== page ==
Massachusetts Reminds Hunters of Game Transport Rules

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Massachusetts hunters who hunt cervids (deer, elk, and moose) in New York, or other states and Canadian provinces where chronic wasting disease (CWD) is found, are reminded that they can bring back ONLY deboned meat, cleaned skull caps, hides without the head, or a fixed taxidermy mount. It is illegal for anyone to import, process, or possess whole carcasses or parts of cervids from wild or captive herds. This regulation has been in place since 2005.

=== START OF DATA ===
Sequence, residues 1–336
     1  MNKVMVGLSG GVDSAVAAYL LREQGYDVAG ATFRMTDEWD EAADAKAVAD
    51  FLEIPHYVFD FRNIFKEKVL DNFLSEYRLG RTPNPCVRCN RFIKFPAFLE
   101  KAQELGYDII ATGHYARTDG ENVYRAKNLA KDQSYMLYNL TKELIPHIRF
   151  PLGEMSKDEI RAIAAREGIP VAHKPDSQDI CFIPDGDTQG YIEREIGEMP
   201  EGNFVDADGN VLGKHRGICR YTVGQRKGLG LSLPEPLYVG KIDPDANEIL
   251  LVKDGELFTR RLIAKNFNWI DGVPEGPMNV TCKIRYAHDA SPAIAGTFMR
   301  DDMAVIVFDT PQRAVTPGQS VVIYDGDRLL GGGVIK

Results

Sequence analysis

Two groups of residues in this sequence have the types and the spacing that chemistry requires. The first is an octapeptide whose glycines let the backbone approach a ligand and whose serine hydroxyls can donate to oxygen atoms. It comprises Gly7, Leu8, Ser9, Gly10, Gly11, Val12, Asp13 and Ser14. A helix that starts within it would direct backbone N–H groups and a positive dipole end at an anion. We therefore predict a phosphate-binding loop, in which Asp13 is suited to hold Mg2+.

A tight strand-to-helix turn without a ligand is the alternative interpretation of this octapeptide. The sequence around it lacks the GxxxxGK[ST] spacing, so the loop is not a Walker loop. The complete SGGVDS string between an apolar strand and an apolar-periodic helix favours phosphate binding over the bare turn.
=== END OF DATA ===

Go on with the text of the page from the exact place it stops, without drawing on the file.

If hunting deer, elk, moose in other states and provinces, particularly those in which CWD has been detected, hunters are advised to check with their state fish and wildlife agency to see if they have any specific advice to hunters or special regulations.

Chronic Wasting Disease (CWD) is a contagious neurological disease that is fatal to deer, elk, and moose. At this time, CWD has been detected in wild or captive cervids in Colorado, Illinois, Kansas, Nebraska, Minnesota, Montana, New Mexico, New York, Oklahoma, South Dakota, Utah, Wyoming, West Virginia, and Wisconsin, and in the Canadian provinces of Alberta and Saskatchewan. According to the World Health Organization, people cattle and other livestock are resistant to transmission of CWD. More information on Chronic Wasting Disease and a list of selected New York meat cutters near the Massachusetts border

Help keep Massachusetts deer and moose CWD-free -- it's the law.